Take a walk through these unique urban forests.
The Auckland urban area was once covered in lush, tall forest. The legacy of this majestic world remains in only a few precious patches around Auckland, many of which are easily accessible and well worth a visit.
1. Pūriri Cathedral Grove, Smiths Bush
Northcote Road, Northcote. Main entrance from Onewa Domain
Kahikatea forests are found in locations with high water tables, such as wet depressions and flat terraces beside major watercourses. These same landforms are perfect for farming and building houses so kahikatea forests have been almost entirely cleared from urban Auckland.
One of the best examples left is Smiths Bush, a green urban oasis of soaring trees and raucous tūī, right beside the northern motorway. Nestled within the kahikatea is a magnificent stand of pūriri.
2. Chatswood Reserve kauri forest
Onetaunga Road, Birkenhead
The network of reserves in the Chatswood-Birkenhead area contains the best example of kauri-podocarp forest in urban Auckland. This is also the only place where you will see hard beech forest. Much of this forest is young (less than 150 years old), but it includes pockets of kauri and hard beech forest that are more than 400 years old. This mature forest represents the pre-human vegetation of urban North Shore.
Help protect our kauri
Kauri dieback is an incurable disease threatening kauri trees. You can help protect our kauri by three easy steps:
- Scrub – clean all soil off your footwear and other gear, every time you enter or leave a forest/area with native trees.
- Spray – your footwear and gear at every cleaning station. Kauri dieback can be spread by just a pinhead of soil.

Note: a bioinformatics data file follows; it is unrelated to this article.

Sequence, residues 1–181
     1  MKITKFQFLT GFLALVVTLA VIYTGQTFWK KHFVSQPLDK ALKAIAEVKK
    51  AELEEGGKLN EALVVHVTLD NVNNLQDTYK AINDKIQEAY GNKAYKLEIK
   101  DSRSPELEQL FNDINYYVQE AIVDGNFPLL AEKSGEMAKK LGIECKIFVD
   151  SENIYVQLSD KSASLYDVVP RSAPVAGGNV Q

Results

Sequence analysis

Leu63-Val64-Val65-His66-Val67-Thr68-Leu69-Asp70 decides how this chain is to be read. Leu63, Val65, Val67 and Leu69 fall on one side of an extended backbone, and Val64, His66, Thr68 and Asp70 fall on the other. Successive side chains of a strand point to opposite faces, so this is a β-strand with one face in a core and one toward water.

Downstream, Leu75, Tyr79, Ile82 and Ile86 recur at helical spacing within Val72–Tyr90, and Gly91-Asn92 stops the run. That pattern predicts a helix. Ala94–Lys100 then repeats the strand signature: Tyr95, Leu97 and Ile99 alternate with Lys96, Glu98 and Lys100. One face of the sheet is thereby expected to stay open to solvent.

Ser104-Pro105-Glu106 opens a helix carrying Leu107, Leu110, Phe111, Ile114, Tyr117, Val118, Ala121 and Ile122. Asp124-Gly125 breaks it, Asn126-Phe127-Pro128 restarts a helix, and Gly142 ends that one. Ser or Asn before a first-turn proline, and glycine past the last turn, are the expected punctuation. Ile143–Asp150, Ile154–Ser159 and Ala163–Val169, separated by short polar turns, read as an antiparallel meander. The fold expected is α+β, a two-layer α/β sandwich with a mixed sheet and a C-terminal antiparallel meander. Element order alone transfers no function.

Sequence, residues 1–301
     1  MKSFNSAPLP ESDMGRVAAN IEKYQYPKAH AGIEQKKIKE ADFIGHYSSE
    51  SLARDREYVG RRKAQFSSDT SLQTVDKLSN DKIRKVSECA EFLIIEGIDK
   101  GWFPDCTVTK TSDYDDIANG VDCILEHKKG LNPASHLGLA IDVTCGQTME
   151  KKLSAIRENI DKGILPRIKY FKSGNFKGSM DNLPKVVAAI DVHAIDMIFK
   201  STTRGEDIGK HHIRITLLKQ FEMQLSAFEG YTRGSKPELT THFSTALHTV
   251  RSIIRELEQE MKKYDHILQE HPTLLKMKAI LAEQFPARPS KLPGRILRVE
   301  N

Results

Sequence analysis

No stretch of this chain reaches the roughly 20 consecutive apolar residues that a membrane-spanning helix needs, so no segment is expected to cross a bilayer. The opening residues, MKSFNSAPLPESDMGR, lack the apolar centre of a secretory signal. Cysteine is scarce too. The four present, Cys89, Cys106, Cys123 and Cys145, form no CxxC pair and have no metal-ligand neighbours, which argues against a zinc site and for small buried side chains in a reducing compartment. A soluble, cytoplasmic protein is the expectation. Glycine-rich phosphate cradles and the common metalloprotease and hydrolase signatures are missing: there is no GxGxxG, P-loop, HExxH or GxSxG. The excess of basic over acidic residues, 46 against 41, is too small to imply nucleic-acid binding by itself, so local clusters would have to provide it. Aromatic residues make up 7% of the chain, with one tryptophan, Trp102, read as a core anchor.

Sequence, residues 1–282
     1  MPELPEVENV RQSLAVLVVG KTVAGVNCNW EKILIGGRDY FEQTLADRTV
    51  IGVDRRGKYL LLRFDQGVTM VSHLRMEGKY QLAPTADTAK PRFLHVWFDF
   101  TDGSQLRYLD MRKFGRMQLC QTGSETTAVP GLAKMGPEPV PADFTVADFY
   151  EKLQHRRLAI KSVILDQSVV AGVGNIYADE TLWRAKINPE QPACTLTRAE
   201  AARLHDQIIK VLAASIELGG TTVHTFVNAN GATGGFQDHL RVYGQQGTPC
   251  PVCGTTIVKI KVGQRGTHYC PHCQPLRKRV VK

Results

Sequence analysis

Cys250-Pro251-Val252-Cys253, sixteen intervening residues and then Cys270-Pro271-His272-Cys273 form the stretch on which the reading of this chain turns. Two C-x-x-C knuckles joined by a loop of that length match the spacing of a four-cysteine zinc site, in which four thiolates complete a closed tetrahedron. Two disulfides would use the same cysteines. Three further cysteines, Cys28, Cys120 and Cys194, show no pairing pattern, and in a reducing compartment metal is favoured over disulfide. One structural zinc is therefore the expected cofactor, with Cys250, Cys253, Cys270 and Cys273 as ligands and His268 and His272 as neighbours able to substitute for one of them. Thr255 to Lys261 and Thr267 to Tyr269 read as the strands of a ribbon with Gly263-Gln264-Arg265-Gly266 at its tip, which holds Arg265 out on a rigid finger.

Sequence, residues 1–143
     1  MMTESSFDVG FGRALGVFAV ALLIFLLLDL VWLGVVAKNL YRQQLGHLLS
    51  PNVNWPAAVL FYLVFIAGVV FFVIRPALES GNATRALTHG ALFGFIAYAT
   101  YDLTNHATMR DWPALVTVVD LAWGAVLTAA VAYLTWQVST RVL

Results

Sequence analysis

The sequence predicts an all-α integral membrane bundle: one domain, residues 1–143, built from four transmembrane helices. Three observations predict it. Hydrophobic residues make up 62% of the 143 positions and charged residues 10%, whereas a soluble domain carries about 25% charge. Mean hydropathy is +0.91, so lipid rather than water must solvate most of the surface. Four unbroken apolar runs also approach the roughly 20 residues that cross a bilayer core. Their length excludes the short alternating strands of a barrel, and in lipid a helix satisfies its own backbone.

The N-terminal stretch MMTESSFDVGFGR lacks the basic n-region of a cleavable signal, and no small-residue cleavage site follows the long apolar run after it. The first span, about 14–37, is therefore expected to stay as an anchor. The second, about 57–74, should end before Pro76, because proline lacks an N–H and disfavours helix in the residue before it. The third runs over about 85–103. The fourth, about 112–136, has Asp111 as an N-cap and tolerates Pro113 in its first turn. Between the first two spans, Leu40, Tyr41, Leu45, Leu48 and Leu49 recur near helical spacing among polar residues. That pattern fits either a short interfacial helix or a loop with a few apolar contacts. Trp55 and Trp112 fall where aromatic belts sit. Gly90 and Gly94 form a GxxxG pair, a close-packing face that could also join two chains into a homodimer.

- Stay – on the designated open tracks.
Visit for more information about the rāhui and track closures in the Waitākere Ranges Regional Park.
3. Withiel Thomas Reserve lava forest
Withiel Drive, Epsom
Indigenous lava forest grows on recent lava flows that have yet to develop a proper soil. Nationally, lava forest is uncommon. The few remnants in urban Auckland – most notably at Gribblehirst Park and Maungawhau / Mt Eden – represent the last 0.5 per cent of an indigenous ecosystem type that has been almost totally removed.
4. Waikumete Cemetery gumland scrub
Great North Road, Glen Eden
Gumlands grow where climate, acidic leaf litter, infertile parent rock and time have combined to create a low-nutrient, waterlogged soil substrate that will not support tall forest. Gumland vegetation is characterised by low scrub, sedgeland and fernland. The best example in Auckland is at Waikumete Cemetery.
5. Manurewa native forest remnants
Mature native forest is now very rare in urban Auckland. Some excellent examples of mature tōtara, pūriri, kahikatea-pukatea and kānuka forest are found in a cluster of council reserves in Manurewa. These include the Auckland Botanic Gardens, Hillcrest Grove Reserve (73R Hill Road, Hill Park), Orford Park (40R Hill Road, Hill Park), and David Nathan Park (68R Hill Road, Hill Park.
The tōtara, regenerating kānuka and kahikatea-pukatea forest is a successional community, meaning the tōtara and kānuka will be replaced by other (hopefully native) trees slowly over time.
6. Taraire Forest at Kirks Bush
377 Great South Road, Papakura
Mature taraire forest, with other native tree species such as kohekohe, pūriri, tōwai, tawa and rimu, covered large parts of south Auckland in pre-human times. Around 98 per cent of this forest type has been cleared from this area because the land was highly valued for farming and building settlements. This means remnants like those at Kirks Bush are incredibly valuable for their biodiversity, as well as great places to unwind.